Grants and Contracts Details


Diabetes mellitus (DM, both type 1 and 2) and other metabolic pathologies (e.g., obesity) are significant risk factors for cardiovascular disease, in part, because they increase thrombotic risk. Platelet hyperactivity, a sequela of DM, is an important contributor to this elevated risk; yet how these metabolic pathologies lead to platelet hyperactivity is poorly understood. Past research relied on semi-specific inhibitors and crude analytical tools, which yielded incomplete pictures of platelet bioenergetics. As the global prevalence of obesity and DM increases, therapeutics to control thrombosis are urgently needed. We hypothesize that metabolic plasticity of platelets contributes to their hyperglycemia-induced hyperactivity and dysfunction in obesity/DM. Our concept of platelet metabolic plasticity grows from our observations of platelet adaptability in utilizing different metabolites and how that affects platelet functions. We and others showed that megakaryocyte/platelet-specific deficiency in glucose transporters or in autophagy (a degradation pathway that recycles metabolites) leads to defective thrombosis. We have developed a comprehensive platelet metabolism analysis toolkit that includes state-of-the-art Stable Isotope Resolved Metabolomics (SIRM), Seahorse, mitochondrial membrane potential and total glycogen measurements. Our preliminary data show enormous metabolic plasticity in platelets during activation by thrombin, including enhanced anaerobic glycolysis/lactate fermentation (particularly fructose-1,6- bisphosphate depletion), glycogen consumption, the tricarboxylic acid (TCA) and pyruvate/malate cycles, and oxidative phosphorylation. Using our extraordinary tools to analyze both diabetic patient and rodent platelets, we will address our hypothesis in two aims: Aim 1, we will define hyperglycemia-induced metabolic plasticity in human and mouse platelets. Aim 2, we will delineate the effects of anti-diabetic drugs on platelet metabolism and functions. Our proposed experiments will uncover novel aspects of platelet biology and thus identify new therapeutic strategies to modulate platelet metabolism and reduce obesity/DMassociated thrombotic risk.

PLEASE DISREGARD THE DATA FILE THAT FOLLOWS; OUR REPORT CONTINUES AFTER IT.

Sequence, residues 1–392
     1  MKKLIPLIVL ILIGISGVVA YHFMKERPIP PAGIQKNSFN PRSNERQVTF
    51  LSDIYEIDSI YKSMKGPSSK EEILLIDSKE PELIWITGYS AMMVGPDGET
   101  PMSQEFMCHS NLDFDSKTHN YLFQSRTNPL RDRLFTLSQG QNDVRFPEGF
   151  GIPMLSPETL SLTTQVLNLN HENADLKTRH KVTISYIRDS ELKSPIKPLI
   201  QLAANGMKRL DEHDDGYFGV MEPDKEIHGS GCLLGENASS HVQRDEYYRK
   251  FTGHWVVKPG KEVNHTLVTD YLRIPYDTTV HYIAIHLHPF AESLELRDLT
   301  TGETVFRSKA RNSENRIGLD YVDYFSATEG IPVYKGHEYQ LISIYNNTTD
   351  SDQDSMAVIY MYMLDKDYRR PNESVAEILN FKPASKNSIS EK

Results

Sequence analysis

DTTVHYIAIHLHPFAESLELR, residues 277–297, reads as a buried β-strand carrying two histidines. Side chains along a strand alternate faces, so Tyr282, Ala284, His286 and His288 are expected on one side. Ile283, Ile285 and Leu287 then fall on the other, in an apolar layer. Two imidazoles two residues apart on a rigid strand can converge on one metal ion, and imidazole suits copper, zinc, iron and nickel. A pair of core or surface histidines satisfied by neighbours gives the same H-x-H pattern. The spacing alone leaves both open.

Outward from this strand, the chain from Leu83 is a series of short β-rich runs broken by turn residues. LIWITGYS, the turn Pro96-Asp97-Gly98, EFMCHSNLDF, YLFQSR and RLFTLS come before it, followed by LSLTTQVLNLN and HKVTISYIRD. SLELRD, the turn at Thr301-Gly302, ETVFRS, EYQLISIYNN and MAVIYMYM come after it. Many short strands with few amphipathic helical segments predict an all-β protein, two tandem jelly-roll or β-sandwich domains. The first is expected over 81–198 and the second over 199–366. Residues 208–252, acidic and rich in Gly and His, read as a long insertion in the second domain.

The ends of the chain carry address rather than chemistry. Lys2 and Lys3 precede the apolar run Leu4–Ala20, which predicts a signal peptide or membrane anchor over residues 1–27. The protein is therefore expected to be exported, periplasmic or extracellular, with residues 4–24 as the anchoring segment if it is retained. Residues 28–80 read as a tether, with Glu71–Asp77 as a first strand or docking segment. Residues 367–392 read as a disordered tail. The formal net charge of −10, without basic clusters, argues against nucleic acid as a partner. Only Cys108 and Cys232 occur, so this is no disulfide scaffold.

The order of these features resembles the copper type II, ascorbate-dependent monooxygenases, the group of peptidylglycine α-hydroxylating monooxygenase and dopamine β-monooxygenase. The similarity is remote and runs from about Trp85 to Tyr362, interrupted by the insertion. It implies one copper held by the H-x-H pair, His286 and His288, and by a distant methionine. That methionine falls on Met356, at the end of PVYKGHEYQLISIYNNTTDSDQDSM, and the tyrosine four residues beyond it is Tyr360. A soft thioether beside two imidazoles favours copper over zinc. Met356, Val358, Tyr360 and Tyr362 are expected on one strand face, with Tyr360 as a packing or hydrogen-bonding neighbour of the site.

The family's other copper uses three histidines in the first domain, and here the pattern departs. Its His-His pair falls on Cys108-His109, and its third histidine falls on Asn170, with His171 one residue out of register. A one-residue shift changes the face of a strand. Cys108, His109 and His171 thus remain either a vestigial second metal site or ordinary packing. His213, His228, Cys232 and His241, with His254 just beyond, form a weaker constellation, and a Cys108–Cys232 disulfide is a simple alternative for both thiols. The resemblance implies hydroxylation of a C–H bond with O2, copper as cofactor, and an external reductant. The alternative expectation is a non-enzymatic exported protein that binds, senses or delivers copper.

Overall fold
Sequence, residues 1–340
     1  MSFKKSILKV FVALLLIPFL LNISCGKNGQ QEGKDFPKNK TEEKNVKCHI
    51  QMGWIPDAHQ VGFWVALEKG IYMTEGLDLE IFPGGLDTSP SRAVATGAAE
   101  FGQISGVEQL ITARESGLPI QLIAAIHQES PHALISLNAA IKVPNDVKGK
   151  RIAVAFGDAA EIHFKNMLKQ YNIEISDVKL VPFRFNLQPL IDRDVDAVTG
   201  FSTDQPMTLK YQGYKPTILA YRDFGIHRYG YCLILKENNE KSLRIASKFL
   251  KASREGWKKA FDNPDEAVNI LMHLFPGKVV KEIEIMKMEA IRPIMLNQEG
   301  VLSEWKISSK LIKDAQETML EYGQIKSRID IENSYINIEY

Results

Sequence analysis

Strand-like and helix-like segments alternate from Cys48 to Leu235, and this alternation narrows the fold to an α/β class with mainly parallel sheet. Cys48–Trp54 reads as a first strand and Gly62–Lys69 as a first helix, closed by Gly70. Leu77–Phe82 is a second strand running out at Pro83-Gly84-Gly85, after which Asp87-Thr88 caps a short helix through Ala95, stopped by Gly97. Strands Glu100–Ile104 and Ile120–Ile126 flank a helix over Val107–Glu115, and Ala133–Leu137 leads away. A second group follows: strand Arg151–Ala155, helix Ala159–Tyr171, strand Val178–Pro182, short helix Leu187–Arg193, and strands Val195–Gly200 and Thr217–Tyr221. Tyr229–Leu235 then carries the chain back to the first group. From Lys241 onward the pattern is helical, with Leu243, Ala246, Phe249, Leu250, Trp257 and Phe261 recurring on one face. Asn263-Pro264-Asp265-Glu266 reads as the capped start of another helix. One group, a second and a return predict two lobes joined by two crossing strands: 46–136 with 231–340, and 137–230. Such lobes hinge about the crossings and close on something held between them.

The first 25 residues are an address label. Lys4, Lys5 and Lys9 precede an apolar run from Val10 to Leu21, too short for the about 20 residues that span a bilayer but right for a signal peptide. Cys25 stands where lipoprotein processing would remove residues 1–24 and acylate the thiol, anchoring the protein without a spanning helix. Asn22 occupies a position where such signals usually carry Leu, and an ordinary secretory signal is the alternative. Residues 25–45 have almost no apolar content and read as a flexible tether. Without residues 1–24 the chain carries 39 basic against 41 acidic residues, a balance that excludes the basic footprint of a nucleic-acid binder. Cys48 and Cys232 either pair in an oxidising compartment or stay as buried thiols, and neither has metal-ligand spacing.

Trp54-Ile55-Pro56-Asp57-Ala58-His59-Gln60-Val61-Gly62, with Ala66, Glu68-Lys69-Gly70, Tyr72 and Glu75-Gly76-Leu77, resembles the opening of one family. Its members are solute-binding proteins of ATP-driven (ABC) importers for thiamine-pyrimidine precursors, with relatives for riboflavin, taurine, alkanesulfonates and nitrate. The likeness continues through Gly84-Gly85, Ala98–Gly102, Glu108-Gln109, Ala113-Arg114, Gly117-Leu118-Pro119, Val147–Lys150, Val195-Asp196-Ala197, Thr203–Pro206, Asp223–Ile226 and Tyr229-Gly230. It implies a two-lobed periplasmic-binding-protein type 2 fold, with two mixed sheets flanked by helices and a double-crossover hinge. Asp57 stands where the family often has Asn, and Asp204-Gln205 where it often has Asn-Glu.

Effective start/end date8/1/187/31/20


  • National Institute of General Medical Sciences


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